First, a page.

Of the 20 nations the report examined, 17 have carbon-neutral pledges but none have aligned their fossil fuel production policies with limiting warming to 1.5 degrees. Brazil, Saudi Arabia and the United States all foresee significant increases in domestic oil production, while Qatar and Russia project the biggest increases in gas output. For coal, India, Indonesia and Russia all plan for significant increases, which would counteract large reductions planned by China and the United States. For oil and gas, the only producers planning for significant declines in output are Norway and the United Kingdom.
The risk, the report said, is that countries will over-invest in new fossil fuel supply, slowing the transition away from coal, oil and gas and potentially wasting billions of dollars on projects that could be unnecessary as more clean energy sources come online. Last month, the International Energy Agency said it expects demand for all fossil fuels to peak this decade.
While the U.N. report focuses on the risk to nations, another study released this week examined the risk facing the investors and shareholders who support publicly-traded oil companies. In a new analysis, the Carbon Tracker Initiative, a climate-focused financial think tank, argued that oil companies are failing to anticipate that coming peak in demand and the inevitable decline that will follow, and as a result are planning to spend hundreds of billions on investments that might not provide returns.
“Companies that are planning on strong oil demand over the next two decades may be caught out,” said Mike Coffin, head of oil, gas and mining at Carbon Tracker.
Pointing to the projections from the International Energy Agency, the report said companies should focus on short-term oil and gas projects, diversifying their businesses or returning cash to shareholders rather than investing in new supply.
The message from the Production Gap report is similar, and it points to a handful of signs of progress. Canada, China, Germany and Indonesia have each begun developing scenarios for aligning domestic production with carbon-neutral targets, it said. Colombia, an oil producer, recently joined a group of countries committed to phasing out oil and gas production.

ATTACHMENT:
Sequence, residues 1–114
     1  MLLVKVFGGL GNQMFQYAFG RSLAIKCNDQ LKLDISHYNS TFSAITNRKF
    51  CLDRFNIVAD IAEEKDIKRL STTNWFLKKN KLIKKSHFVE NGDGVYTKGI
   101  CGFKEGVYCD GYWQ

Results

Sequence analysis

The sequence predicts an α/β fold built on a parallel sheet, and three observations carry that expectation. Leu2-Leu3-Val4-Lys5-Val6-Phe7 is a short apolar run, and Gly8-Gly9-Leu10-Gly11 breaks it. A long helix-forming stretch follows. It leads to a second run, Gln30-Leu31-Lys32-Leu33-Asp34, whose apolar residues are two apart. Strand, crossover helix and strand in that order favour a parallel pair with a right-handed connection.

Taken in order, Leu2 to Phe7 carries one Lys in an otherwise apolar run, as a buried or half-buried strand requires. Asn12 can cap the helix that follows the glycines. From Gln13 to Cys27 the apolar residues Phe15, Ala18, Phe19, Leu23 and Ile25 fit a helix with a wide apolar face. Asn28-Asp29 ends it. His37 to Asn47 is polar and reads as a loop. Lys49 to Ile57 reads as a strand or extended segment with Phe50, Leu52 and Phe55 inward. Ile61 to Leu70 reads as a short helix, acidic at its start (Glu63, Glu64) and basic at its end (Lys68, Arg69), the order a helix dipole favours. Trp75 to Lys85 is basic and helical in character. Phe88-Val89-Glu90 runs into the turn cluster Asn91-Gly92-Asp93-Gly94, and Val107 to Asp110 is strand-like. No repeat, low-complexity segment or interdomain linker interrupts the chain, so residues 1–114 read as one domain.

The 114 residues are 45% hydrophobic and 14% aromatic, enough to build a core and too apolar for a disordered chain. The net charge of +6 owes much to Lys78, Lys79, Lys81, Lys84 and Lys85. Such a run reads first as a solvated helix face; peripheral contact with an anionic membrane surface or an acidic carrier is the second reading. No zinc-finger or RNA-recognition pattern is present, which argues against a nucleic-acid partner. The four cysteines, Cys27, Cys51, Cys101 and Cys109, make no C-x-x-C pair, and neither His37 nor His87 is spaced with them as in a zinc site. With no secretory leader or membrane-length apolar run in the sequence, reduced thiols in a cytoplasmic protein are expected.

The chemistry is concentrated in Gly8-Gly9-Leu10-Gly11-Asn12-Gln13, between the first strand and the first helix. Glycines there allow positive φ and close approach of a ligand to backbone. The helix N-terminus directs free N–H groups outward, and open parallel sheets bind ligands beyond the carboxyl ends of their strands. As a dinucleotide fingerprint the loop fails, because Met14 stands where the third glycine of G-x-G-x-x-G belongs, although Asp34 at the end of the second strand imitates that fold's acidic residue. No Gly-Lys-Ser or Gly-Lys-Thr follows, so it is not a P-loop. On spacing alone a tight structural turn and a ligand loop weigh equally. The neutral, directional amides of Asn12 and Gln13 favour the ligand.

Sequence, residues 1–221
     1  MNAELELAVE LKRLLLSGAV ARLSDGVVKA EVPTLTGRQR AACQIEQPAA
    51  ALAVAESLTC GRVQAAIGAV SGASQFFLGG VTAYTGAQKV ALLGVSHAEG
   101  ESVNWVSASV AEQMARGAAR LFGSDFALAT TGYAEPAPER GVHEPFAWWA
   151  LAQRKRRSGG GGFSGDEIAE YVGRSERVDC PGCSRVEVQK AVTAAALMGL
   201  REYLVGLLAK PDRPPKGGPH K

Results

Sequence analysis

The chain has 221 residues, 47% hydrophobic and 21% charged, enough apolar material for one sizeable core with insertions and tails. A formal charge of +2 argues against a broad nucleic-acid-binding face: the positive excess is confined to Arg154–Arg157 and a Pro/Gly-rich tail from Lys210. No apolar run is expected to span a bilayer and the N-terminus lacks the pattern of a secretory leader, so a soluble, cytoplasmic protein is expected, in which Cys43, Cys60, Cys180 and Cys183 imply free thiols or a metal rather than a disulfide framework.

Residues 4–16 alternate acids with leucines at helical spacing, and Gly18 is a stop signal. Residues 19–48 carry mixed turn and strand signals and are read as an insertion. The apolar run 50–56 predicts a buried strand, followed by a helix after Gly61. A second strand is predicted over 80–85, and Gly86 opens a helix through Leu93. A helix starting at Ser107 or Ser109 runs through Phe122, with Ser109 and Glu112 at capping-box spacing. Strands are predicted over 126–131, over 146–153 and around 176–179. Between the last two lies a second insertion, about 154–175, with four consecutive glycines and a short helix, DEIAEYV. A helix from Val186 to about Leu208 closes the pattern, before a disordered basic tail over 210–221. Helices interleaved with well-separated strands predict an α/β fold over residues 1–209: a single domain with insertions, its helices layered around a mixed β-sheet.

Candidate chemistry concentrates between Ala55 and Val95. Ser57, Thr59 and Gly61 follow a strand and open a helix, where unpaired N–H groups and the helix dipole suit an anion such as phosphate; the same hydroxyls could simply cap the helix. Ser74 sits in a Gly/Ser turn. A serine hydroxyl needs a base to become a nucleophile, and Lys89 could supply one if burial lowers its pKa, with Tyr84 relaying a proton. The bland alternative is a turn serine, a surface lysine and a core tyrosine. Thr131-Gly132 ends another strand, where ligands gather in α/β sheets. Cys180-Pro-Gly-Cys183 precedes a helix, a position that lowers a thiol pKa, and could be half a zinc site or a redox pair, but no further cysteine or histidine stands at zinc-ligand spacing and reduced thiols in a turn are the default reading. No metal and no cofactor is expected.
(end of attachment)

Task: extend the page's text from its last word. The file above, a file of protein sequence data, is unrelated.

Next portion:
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The report warns that a transition off fossil fuels could, if not properly planned, place further burdens on poorer nations that are highly dependent on revenue from production. To address this, the authors called for wealthy, less-dependent nations, such as the United States, to phase out production faster and also to help finance the transitions in developing countries.
One emerging model includes so-called Just Energy Transition Partnerships, where wealthy nations commit financing to help countries replace fossil fuels with clean energy. The United States and other countries have formed these partnerships with Indonesia, South Africa and Vietnam to phase out coal power plants.
Aligning plans for fossil fuel production with other climate goals would help avoid the price shocks and mismatches between supply and demand that have jolted the global economy since the coronavirus pandemic sent energy use plummeting in 2020, the report said. That will require a level of cooperation between nations that has been lacking so far.
The Paris Agreement was notoriously silent on fossil fuel production, and recent negotiations have revealed rifts over whether countries were willing to commit to phasing out coal, oil and gas. The new U.N. report comes just weeks before nations will gather again for their annual climate summit, in Dubai, and the authors said that one of the report’s key messages is for negotiators to finally adopt targets to wind down production.